with pilots and dives inside a state-of-the-art submarine. Neat directorial flourishes - the camera whirling as agent Morales's body is rolled up in a carpet - quicken our pulse. The veracity of
McCoy and Waugh's film sadly doesn't extend to the narrative or dialogue. Characters are thinly sketched and it seems highly unlikely that a senior officer would advise his men that a terrorist
"pulled a Roman Polanski on my ass and disappeared." While the real-life SEALs bring power and intensity to fight sequences, most don't know how to deliver a line with conviction. It doesn't help
that a florid and occasionally jingoistic voiceover incites giggles.
Rating: *** The Devil Inside (Cert 15, 79 mins, Paramount Home Entertainment, Horror/Thriller, also available to buy DVD £19.99/Blu-ray £26.99) Starring: Fernanda Andrade, Ionut Grama, Simon
Quarterman, Evan Helmuth, Suzan Crowley, Claudiu Isotodor, Bonnie Morgan, Claudiu Trandafir.
On October 30, 1989, Maria Rossi (Suzan Crowley) telephones the police to confess to slaying three members of her church group during an exorcism. Her exorcism. She is spirited away to Centrino
Mental Hospital in Rome where she moulders behind closed doors. Twenty years later, Maria's daughter Isabella (Fernanda Andrade) makes a documentary about exorcisms to better understand the dark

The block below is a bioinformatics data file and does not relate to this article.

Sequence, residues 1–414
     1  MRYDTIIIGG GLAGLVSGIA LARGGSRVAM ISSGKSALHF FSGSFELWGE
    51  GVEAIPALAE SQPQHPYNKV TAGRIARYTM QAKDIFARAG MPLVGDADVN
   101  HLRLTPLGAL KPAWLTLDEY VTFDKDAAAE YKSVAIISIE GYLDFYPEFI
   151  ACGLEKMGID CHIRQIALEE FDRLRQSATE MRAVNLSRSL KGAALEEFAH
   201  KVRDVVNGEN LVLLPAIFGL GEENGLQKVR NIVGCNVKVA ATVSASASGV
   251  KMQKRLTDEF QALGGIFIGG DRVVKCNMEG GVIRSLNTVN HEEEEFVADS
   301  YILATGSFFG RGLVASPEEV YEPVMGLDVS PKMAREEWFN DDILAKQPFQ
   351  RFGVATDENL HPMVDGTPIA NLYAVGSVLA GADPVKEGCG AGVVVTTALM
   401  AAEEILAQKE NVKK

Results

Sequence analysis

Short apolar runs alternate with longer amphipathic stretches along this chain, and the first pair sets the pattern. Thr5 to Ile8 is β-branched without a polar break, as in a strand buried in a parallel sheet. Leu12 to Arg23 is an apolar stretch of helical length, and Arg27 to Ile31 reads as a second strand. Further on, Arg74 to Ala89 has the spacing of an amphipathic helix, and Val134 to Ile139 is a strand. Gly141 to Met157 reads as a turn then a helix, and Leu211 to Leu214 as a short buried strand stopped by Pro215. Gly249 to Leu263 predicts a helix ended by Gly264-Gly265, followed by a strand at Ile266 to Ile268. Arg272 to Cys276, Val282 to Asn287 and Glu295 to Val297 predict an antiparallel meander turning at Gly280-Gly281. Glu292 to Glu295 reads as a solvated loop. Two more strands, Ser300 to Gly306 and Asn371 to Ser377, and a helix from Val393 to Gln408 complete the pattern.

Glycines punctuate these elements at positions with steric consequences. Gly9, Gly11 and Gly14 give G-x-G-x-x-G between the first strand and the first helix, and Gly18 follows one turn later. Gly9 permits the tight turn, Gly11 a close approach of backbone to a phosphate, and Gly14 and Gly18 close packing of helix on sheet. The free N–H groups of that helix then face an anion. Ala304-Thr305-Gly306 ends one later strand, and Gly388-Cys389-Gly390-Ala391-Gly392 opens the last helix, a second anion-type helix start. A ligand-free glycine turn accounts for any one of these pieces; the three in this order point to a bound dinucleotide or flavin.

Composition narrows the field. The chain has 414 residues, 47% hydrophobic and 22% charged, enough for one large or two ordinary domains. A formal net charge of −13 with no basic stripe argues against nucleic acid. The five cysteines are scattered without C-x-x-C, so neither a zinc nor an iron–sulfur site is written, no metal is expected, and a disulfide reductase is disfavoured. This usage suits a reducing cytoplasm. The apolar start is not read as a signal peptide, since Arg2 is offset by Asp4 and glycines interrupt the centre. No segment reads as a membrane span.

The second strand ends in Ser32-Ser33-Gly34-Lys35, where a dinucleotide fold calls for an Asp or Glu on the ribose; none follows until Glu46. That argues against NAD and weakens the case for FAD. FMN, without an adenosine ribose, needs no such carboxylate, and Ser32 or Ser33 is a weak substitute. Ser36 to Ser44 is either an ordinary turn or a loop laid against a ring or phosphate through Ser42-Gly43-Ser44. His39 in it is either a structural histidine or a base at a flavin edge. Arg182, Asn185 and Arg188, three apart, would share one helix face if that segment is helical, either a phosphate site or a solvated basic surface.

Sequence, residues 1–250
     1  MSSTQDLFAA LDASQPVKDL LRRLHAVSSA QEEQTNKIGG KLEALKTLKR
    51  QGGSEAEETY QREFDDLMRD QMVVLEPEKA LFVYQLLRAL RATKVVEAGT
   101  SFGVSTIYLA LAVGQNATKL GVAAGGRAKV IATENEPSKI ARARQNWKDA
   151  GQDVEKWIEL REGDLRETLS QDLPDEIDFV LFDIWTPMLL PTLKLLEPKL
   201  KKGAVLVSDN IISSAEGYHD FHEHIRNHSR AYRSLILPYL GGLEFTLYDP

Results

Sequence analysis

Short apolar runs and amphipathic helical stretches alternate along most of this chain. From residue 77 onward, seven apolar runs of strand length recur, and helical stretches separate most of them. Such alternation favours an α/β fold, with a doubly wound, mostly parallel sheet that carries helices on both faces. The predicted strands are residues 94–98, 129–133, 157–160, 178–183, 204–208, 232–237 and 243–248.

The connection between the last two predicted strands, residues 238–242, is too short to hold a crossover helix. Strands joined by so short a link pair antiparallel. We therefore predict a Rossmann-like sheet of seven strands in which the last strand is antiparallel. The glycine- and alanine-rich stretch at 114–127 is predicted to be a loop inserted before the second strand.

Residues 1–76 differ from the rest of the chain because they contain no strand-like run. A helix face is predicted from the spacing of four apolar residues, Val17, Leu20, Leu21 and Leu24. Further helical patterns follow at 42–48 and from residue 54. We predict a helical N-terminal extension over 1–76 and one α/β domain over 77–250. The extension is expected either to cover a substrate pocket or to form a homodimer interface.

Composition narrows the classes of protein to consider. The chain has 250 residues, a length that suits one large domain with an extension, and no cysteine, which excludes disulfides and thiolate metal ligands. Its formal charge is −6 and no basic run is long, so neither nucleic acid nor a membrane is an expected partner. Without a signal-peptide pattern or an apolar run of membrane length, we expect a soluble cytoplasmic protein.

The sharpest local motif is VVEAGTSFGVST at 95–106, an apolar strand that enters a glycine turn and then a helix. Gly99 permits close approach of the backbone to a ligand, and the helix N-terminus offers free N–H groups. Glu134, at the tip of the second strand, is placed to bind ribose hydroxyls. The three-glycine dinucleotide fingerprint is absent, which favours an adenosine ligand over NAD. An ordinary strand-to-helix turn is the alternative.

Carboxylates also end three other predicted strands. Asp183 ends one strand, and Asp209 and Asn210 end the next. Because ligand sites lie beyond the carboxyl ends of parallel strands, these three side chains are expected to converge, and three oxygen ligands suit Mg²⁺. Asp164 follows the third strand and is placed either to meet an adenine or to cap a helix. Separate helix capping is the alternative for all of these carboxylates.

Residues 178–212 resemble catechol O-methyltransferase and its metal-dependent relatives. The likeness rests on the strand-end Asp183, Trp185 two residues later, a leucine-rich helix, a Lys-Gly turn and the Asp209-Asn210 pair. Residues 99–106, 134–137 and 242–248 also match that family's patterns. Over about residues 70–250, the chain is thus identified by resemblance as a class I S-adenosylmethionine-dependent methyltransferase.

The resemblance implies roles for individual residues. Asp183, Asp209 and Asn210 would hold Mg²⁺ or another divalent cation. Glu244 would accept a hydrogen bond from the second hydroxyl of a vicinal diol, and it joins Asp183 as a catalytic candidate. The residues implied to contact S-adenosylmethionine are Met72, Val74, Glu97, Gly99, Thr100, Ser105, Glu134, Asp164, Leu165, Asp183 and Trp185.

forces that supposedly took hold of her mother. Film-maker Michael Schaeffer (Ionut Grama) follows Isabella on her journey into the unknown, flanked by Italian priests Father Ben Rawlings (Simon
Quarterman) and Father David Keane (Evan Helmuth). The exorcism of young Rosa Sorlini (Bonnie Morgan) in a dingy basement persuades Isabella to contact Doctor Antonio Costa (Claudiu Isotodor),
chief of staff at Centrino, and set up a similar procedure for her mother. The Devil Inside jumps on the rickety Paranormal Activity bandwagon with a found footage horror styled as a documentary.
Director William Brent Bell and co-writer Matthew Peterman clumsily contrive the set pieces, blatantly setting up the finale with off-camera expository dialogue. We're always several paces ahead of
the characters as they blunder towards disaster, their whimpers and screams captured on three cameras that have been placed fortuitously in just the right spots to document each chilling encounter.
Exorcism sequences tick off a checklist of horror tropes - levitation, painful bodily contortions, speaking in tongues - but commit the cardinal sin of forgetting to scare the living daylights out
of us. A couple of cheap scares would crank up tension but dramatic momentum is pedestrian and the spry running time feels considerably longer than 79 minutes.